The car buying process has many steps and moving parts. You need to research the best vehicle for you, research which dealership to visit, work out financing and negotiate with a salesperson. While these aren’t the only steps, just these four alone can create a lot of stress and quick decisions. It’s important to remember that not being thorough in your choices can cost you. After all, salespeople are trying to make as big a profit as possible when they sell you a car, and it’s important that you remember that. While many salespeople are ethical, there are still some who will work tactics to get more money out of their sales. In this article, we’re going to go over 5 tactics that salespeople use that they don’t want you to know about.
1. Playing the Clock
Some car salespeople will use time to help them sell more cars. The reality is, the salesperson is going to be working at the dealership for 8 hours anyways, so there’s no real rush on their end. They may think that if they can keep the negotiations going long enough, eventually the customer will give in and pay more than he/she originally wanted. So it’s important to remind yourself before going into a dealership that negotiations may take a long time and it’s ok to leave and come back another day. Ultimately, you have the power as you’re the one who can decide to take your business elsewhere if you’re not happy with the price the dealership is offering.
2. Psychological Profiling
Most experienced car salespeople have a ton of training on how to break down any needs and vulnerabilities of their customers. Their assessment of each of their customers allows them to tap into their scripted questions and be in charge of the process. One of the first questions you’ll probably hear is “how much do you want to spend per month?”. It’s important to to keep this information to yourself as the salesperson will then work to make a financing plan that meets your monthly budget, but may be way higher than your overall budget. If the salesperson wants to meet your monthly budget all he/she has to do is extend the loan term or get a large down payment from you. While it’s ok to be up front and answer the salespersons questions, remember the salesperson may use some of this information to upsell you. In order to avoid running into this problem, break down the sales process into separate stages. Start with choosing the vehicle you’re interested in, then move onto negotiations and at the end you can decide on any additional features and add-ons.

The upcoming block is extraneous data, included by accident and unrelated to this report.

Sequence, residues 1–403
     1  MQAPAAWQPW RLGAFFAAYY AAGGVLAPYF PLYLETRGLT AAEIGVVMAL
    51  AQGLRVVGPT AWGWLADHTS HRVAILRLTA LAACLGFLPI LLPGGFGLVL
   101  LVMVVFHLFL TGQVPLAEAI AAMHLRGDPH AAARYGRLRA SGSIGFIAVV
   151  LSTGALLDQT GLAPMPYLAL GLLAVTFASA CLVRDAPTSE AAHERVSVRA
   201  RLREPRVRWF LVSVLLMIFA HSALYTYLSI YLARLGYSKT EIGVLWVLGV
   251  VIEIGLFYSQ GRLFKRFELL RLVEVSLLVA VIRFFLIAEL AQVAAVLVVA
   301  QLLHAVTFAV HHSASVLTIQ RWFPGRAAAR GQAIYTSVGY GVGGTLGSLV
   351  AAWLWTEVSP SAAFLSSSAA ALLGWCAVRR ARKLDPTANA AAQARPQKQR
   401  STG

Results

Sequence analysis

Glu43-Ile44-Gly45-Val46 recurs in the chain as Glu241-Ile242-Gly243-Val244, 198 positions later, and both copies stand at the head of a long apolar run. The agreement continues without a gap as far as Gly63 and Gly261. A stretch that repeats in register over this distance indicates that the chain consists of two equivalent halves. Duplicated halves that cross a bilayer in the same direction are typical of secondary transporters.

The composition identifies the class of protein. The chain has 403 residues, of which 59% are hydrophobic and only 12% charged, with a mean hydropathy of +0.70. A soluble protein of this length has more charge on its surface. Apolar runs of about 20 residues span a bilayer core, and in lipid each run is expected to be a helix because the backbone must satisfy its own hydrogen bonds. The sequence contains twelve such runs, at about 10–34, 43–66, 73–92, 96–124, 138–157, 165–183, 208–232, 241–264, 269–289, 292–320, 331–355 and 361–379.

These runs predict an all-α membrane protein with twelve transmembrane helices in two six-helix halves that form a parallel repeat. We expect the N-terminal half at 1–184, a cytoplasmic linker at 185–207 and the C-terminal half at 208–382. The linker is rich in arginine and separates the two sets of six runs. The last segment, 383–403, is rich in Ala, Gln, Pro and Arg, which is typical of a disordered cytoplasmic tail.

3. The “What if” Strategy
This is one of the most classic sales strategies in all industries, it’s known as the “what if” strategy. You may hear the salesperson ask these types of questions: “what if I could get you this monthly payment, would you buy it today?” or “if I can throw in winter tires for free, would you buy it today?”. What the salesperson is doing in this scenario is trying to find your buying trigger. The way to deal with this is to always answer no and remind them that your shopping multiple dealerships to find the best deal. Once you’ve seen multiple offers from multiple dealerships you’ll be in a position to make a decision.
4. The Time is Now Strategy
If a salesperson ever tells you that the deal they’re offering you today won’t be available tomorrow, they’re trying to use time to pressure you into buying a car. They may tell you that a bunch of other people are looking at the vehicle and it will likely be sold if you don’t jump on the deal right away. While this may be the case sometimes, it’s more likely a sales gimmick to make a quick sale. If you do get put in this position, it’s ok to fight fire with fire. Politely look the salesperson in the eye and ask them “so if I come back tomorrow, you’re telling me that you won’t sell me the car for the price your offering me today?”. If you’re not comfortable saying this, you can also just choose to leave the dealership and shop elsewhere.
5. The Alternative Choice Strategy
The last and arguably most popular sales strategy is known as the alternative choice strategy. This tactic involves giving you a choice between two options and never asking you “yes” or “no” questions. For example, the salesperson may ask if you want the base trim model or the mid trim model. This leaves you in a situation where either way you’re being pressured into buying a car. If the salesperson tries this strategy on you, don’t fall for it. Instead, tell them that you’re not ready to make a decision today and you want to explore all of your options.